Filed under: Architecture, technology | Tags: Bone conducting, Dresden, Markus Kison, sound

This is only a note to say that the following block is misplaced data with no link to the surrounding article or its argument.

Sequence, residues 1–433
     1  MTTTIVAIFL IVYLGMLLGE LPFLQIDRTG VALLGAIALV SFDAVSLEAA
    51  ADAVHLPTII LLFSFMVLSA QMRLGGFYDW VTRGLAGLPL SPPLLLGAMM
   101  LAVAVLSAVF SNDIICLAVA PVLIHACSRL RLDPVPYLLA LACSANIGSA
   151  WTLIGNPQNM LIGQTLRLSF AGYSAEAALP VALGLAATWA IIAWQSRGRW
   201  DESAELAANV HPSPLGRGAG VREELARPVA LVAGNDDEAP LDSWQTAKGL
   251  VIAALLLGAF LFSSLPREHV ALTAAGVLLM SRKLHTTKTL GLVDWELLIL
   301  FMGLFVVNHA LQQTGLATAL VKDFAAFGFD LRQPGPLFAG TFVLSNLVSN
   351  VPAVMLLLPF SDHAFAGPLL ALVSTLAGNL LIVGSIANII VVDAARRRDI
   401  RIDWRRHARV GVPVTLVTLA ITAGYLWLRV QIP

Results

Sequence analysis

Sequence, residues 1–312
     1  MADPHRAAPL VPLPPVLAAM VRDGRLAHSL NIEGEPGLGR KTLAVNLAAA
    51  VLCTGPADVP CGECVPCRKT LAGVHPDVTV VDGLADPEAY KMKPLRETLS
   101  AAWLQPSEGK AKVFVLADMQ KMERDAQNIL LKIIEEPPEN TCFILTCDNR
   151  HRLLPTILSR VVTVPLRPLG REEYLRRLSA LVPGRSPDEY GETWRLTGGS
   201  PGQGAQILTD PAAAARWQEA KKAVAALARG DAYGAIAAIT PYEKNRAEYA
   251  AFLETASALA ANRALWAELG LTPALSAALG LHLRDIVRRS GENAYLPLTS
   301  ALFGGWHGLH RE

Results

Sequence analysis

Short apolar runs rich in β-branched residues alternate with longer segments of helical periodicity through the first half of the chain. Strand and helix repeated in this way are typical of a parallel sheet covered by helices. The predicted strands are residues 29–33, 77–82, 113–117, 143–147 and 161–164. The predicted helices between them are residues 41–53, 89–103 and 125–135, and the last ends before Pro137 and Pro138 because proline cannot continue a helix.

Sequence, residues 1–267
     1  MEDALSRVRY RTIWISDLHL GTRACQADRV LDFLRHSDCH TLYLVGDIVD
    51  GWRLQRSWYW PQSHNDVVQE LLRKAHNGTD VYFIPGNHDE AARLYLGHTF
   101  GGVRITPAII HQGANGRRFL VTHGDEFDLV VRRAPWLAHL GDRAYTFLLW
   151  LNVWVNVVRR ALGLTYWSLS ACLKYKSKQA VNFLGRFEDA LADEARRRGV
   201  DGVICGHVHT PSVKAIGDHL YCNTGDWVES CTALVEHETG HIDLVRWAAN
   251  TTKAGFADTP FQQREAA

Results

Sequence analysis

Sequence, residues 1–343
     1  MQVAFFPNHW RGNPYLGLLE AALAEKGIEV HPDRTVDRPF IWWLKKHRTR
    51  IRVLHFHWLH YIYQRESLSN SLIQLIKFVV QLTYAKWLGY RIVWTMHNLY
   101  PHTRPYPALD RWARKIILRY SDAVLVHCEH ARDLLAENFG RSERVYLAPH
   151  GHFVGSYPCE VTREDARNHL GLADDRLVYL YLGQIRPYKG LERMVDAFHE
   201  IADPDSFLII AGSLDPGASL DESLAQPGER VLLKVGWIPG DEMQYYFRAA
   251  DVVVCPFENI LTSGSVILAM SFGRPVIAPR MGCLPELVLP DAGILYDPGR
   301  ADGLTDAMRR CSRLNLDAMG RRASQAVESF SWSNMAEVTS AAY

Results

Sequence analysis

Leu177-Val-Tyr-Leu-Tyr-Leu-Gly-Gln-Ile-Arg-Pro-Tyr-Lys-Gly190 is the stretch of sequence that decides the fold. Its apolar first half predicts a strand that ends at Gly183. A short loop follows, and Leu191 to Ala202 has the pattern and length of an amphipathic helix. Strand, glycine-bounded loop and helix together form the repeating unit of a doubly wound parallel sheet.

Most large museums and art galleries today provide some kind of personal audio device that visitors can carry with them if they wish to learn more about the various exhibits on display. A similar idea has been implemented at the Brühl’s Terrace in Dresden, Germany, but instead of having to wear headphones or hold some device to their ear, visitors simply need to rest their elbows on a metal rail and cover their ears with their hands. Using bone conduction technology (or what they call ‘Touched Echo’) the sounds of airplanes and explosions simulating the air raid that occurred on February 13, 1945 are transmitted from the metal rail through the visitor’s arms and directly into the inner ear.The sounds are completely inaudible to someone who isn’t touching the rail, and since the terrace is located outside, the bone conduction system is a perfect solution because it’s completely weatherproof.
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